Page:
Nate McMillan: Unrecruited Raleigh Kid Carved Out Long NBA Career

USA Today Sports Archive

Recently BTP put the call out to its dear readers for story ideas to fill the long, sad period between the end of basketball season and the start of football. Several readers indicated a desire to read about N. C. State basketball history beyond the 1983 season, which, for obvious reasons, steals a lot of headlines even 30 years later. In an effort to make your dreams of on-demand web content come true, this is the second installment of what will be many looks back at the Pack over the coming months.

The signing of junior college standout Desmond Lee got me to thinking about past JUCO contributors at N. C. State. This train of thought led us to a trip down memory lane with Anthony “Spud” Webb. Spud’s success must have made Jim Valvano intrigued about this whole JUCO guard thing, as the next year he brought in another key cog in the Pack’s back-to-back runs to the Elite Eight, Nate McMillan.

While Valvano assistant Tom Abatemarco had to go to the wilds of Texas to pluck Spud from the JUCO ranks, McMillan was right in the Pack’s backyard. McMillan, a Raleigh native, played his prep ball at Enloe High but never roused the interest of the Pack staff (or any division I staff, for that matter), so he took his talents to the tiny hamlet of Murfreesboro (NC) and Chowan College, which was a JUCO program at the time. McMillan became Chowan’s first all-American in 1983-84 and the next season he helped lead N.C. State to a first place regular season finish in the ACC.

The Pack would make the Elite Eight in both of McMillan’s seasons back home in Raleigh. The 6-5, 195-pound guard was never a shooter (think Lorenzo Brown but a better defender and rebounder), but he made the offense go with a career average of six assists per game. He also averaged 5.1 rebounds to go with 8.5 points per game.

McMillan was part of a memorable draft class for the ACC in 1986***, when a total of six conference players were tabbed in the first round, including the first three picks overall. North Carolina’s Bad Brad Daugherty went first, followed by Maryland’s Len Bias and McMillan’s teammate, Chris Washburn. A couple of those picks didn’t work out too well.

McMillan heard his name called in the second round when the Seattle Supersonics selected him with the 30th overall pick in the draft. McMillan would play his entire 12-year career with the Supersonics and amass the seventh most win shares (50.2) of anyone in the 1986 draft class. Jeff Hornacek, the 46th overall pick, actually had the most productive career of anyone selected that year, finishing his long, ritualized face-touching NBA days with 108.9 win shares.

McMillan’s Supersonics made the playoffs in 11 of his 12 years, including marching to the Western Conference finals in his rookie season. In 1996, Seattle made the NBA finals, taking on Michael Jordan’s Bulls’ dynasty. The heavily-favored Bulls were extended to six games thanks in part to McMillan’s defense on His Airness. Jordan averaged better than 30 points for the season but eclipsed 30 points just once in the series; he shot a meager 41.5%, eight percentage points worse than his season average.

McMillan was renowned for his defense, twice making the NBA’s all-defensive second team. He led the NBA in steal percentage in 92-93 (4.4%) and 93-94 (5.8%), and his 3.7% career steal rate is the third best mark in league history. And he could also dish the rock, dropping dimes at a 30.8% rate, a percentage that ranks among the top 50 all-time. His single-game rookie record of 25 assists still stands (though it has been equaled). He recorded four triple-doubles in his career.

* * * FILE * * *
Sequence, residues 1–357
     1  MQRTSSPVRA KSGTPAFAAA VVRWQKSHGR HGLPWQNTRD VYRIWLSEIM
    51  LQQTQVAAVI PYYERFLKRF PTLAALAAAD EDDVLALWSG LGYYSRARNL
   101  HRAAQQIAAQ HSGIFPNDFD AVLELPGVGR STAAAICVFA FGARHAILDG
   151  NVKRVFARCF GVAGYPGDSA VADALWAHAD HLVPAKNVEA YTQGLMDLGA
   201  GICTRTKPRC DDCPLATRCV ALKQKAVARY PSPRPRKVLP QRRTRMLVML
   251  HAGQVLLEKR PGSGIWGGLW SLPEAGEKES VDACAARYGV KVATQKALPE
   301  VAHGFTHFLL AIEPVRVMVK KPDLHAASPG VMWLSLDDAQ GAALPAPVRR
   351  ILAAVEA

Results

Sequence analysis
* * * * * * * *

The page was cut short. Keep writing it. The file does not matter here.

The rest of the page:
Today, McMillan is best known for his coaching. He took the helm of the Supersonics at just 36 years of age and eventually led Seattle to a division championship and 52-win season in 2004-05. The Sonics were eliminated in the Western Conference semifinals by eventual NBA champion San Antonio that year. A healthy raise lured McMillan to Portland, where he turned around a floundering franchise and eventually guided the Trailblazers to three consecutive playoff appearances.

In all, McMillan has coached 930 games in the NBA, the 30th most of any NBA head man. As he is only 48 and bound to get another coaching gig soon--he and another former Portland head coach, Mo Cheeks, are finalists for the Detroit job--McMillan could end up as one of the most experienced coaches in league history before his career is through.

McMillan, one of just six Supersonics to have his jersey retired, has come a long way since his humble beginnings at Chowan, and if Lee turns out anything like him or Webb, N.C. State’s tradition of JUCO-powered NCAA tournament runs may well be reborn. Maybe his jersey will even hang in the rafters someday.

***

Bonus fun fact: Washburn and McMillan were two of three N.C. State players selected in the 1986 draft. The third? None other than the legendary Panagiotis Fasoulas. The seven-foot Fasoulas was selected 37th overall by the Trailblazers but opted not to play in the NBA. He did help his native Greece to a fifth-place finish in the 1996 Atlanta Olympics, averaging 13.4 points and 5.1 rebounds in the tournament, and is considered one of the best big men in Euro basketball history. He’s a member of the Greek hoops hall of fame.

After retirement, he went into politics, winning the mayoral race in the Greek town of Piraeus in 2006. Piraeus, which dates to the fifth century BC, is the fourth largest municipality in Greece.

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